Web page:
Format: Hardcover Verified Purchase
I've been a big fan of Glenn O'Brien's tone and perspective for a long time. As GQ's style guy and a further contributor to the magazine and its now-defunct podcast, it would be easy and perhaps predictable for him to take a dismissive or snobby stance while dealing out the dos and don'ts of taste, the way that other style and advice tsars seem to traffic in snarkiness while resenting their readers (thinking of Esquire's sex columnist here). But O'Brien the writer is always unfailingly polite, empathetic and seems generally concerned with being of service in his column, in an almost Buddhist sense.

I was a little bit worried about the book after GQ published a teaser for it which distilled some of O'Brien's tips on social politics into a single, awkward article that, stripped of the context of the book, came across as a bit bitchy and shallow. I bought the book anyway and my worries were unfounded. Most of this book should be canonized. As someone discovering for the first time O'Brien's writing beyond the pages of GQ, I was surprised at what a powerful prose stylist he is. Some of the passages are more effusive than others and when he really gets going there's a huge, poetic lift. This is not a superficial book. He really lays out a clear philosophy of living that, at the risk of oversimplifying it, treats manners as a form of deference to the beauty of life - by paying attention to details and expressing ourselves in a thoughtful manner, we are telling the world and its people that we love it enough to take it seriously.

If I had a gripe it would be the numerous redundancies - for instance the fifth time O'Brien tells us who Beau Brummell is, or the seventh time he makes the point that casual dress codes in the workplace have served to blur social status.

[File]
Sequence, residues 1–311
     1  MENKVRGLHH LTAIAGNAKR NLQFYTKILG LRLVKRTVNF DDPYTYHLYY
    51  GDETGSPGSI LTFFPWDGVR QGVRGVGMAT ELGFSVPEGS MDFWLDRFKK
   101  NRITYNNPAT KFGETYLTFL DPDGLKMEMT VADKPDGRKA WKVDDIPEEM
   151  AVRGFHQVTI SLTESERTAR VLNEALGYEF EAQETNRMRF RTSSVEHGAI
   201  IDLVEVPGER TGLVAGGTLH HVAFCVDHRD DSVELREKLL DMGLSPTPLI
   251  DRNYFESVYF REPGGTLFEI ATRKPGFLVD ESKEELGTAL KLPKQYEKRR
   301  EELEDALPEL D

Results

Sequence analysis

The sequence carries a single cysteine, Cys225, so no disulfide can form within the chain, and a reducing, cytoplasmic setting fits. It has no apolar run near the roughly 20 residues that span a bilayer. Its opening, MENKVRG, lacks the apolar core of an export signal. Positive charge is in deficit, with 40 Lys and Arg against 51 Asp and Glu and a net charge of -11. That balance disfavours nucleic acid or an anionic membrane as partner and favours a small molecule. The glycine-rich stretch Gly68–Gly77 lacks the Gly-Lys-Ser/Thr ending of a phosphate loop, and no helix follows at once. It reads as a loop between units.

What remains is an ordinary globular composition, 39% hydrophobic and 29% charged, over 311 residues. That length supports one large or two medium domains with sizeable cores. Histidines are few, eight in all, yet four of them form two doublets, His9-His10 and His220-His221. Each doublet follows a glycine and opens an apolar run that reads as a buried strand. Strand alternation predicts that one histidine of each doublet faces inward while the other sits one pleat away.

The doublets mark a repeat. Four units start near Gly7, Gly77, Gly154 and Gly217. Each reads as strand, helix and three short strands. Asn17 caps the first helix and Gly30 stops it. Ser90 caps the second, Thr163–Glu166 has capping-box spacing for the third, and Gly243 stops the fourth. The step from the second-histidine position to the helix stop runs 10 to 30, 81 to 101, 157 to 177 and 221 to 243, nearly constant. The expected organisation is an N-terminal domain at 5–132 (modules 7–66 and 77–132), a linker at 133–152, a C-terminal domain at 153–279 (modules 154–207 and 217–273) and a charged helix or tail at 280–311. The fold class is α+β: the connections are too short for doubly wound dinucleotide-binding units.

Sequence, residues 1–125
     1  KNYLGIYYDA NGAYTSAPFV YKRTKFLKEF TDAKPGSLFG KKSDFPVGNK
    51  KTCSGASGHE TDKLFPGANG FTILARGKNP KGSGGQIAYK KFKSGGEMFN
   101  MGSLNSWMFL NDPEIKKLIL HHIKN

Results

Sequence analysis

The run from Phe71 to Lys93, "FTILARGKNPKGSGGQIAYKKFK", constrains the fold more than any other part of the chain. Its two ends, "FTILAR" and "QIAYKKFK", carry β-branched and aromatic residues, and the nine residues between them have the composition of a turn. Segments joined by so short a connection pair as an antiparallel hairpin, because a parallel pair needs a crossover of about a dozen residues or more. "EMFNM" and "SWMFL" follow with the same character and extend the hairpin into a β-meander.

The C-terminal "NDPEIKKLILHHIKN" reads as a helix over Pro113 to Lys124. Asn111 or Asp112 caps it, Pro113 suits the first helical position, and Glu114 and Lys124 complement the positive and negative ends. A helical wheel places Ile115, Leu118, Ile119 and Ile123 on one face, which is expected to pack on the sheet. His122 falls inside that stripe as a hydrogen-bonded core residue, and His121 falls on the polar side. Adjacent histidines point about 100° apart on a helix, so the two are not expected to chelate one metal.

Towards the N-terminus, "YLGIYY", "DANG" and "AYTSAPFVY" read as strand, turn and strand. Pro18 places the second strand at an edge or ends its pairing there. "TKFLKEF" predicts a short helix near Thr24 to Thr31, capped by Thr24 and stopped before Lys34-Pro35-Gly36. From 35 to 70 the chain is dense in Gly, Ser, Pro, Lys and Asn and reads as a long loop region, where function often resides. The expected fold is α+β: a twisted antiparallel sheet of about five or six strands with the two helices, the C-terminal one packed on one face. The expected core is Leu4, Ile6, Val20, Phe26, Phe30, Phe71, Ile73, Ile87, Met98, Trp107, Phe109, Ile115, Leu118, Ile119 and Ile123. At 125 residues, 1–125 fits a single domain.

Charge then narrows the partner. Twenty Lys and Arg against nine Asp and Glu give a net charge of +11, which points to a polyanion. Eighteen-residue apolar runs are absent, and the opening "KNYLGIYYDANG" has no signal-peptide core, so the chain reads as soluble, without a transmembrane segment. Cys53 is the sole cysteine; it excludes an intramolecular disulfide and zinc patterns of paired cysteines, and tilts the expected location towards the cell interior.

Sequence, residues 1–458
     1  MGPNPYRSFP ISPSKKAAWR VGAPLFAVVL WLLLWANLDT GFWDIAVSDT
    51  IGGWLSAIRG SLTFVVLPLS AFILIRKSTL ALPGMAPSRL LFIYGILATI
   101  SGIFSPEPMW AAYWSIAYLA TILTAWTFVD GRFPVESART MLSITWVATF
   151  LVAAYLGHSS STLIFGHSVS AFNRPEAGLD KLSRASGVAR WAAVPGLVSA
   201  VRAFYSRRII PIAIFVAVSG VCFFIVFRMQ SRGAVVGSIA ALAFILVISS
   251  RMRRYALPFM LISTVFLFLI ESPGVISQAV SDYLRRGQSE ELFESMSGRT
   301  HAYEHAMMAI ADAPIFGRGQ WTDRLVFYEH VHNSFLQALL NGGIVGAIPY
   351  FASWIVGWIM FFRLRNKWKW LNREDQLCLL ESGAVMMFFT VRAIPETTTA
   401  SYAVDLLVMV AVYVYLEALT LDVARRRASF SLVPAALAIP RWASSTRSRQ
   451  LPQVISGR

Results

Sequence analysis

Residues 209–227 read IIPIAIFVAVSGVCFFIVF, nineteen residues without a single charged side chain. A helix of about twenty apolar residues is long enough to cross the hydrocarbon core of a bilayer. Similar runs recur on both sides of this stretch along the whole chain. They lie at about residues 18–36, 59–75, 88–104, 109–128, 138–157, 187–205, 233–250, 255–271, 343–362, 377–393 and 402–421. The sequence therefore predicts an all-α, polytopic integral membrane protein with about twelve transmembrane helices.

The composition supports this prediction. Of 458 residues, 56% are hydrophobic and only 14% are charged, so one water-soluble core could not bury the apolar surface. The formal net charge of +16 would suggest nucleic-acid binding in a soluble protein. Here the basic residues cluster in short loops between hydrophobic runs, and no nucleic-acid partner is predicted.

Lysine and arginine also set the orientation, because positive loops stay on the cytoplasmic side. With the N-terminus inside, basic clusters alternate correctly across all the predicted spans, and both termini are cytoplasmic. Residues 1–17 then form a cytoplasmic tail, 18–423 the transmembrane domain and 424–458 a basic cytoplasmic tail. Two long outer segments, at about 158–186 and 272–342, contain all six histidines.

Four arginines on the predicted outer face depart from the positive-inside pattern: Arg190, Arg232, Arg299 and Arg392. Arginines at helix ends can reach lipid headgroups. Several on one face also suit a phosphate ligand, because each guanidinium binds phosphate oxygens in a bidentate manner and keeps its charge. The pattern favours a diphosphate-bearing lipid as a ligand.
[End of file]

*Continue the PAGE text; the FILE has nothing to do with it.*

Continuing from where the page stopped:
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Format: Hardcover
You remember Glenn O'Brien. As music columnist for Andy Warhol's Interview magazine, G.O'B. was the periscope on the submarine that was underground, punk rock during its landmark decade in the 80's. He later expanded his sphere of influence into fashion and art through his "Style Guy" column at GQ magazine and a stint with the publisher of magazines like "Antiques" and "Art in America.". In fact, when it comes to fashion, style and the arts, the O'Brien arsenal is tough to beat.

It is then with both great anticipation and curiosity that we watch as he turns his gaze to the subject of manhood in the newly released volume "How to Be a Man: A Guide to Style and Behavior for the Modern Gentleman." (Rizzoli)

So what is a man in the modern day sense and what does it take to become one?